Easy Run

This phone was made for running…

What is it?
Easy Run investigates the possibilities for integrating a tangible user interface (TUI) on a graphical user interface (GUI). The neoprene iPhone casing is worn on the upper arm and is held in place by velcro straps. It maps specific functions of an iPhone allowing the user to perform basic operations via tangible buttons that are otherwise only accessible through a GUI. It allows the use of start/pause, volume up/down and the possibility to accept/reject incoming calls.

Who is it for?
It is made for active people such as runners or skiers for situations when the user needs to focus on their physical activity not the interaction with a GUI.

Why is it valuable?
The product is intended to be the first in a line of soft TUI’s augmenting different kinds of GUI’s.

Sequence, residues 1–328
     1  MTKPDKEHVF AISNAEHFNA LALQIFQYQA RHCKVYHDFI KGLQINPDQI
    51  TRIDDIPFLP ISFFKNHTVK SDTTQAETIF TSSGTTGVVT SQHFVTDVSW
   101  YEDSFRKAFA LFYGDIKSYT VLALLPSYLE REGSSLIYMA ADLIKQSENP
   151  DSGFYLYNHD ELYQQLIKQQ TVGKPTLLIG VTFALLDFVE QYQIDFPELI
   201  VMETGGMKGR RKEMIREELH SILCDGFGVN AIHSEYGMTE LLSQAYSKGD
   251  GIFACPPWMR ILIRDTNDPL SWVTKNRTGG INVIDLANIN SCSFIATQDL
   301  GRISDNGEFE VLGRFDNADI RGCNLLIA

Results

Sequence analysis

Many of the electronic products that surround us have well designed GUI’s allowing full control over the many product features. However, in real life we use products in various contexts where GUI’s are not always appropriate. Our idea is to skin the tangible interface of an iPhone to fit a different context – in this case, going for a run.

A runner shouldn’t have to take their focus from running just to stop to adjust the volume or skip a track. This product allows easy and non-visual operation of an iPhone that you would otherwise need to remove from the cover at least a line of sight to operate. The buttons are large enough to be operated with a slap or push with one or several fingers, and placed far enough apart to prevent unintended operations. All you have to do is to slide the phone in, put in the plug, strap the Velcro and you’re off!

How does it work?
Built into the product are a microphone, wires, and electronics that are wired to three large buttons on the outside of the casing. These allow the user to perform the basic operations (start/pause, volume up/down, accept/reject).

What were your key learnings?
Prototyping in different materials, investigation into different fabrics, building and hacking electronics, joining aesthetics with physical properties of a product.

Special thanks to Vinay Venkatraman, David Mellis, Heather Martin and Eilidh Dickson.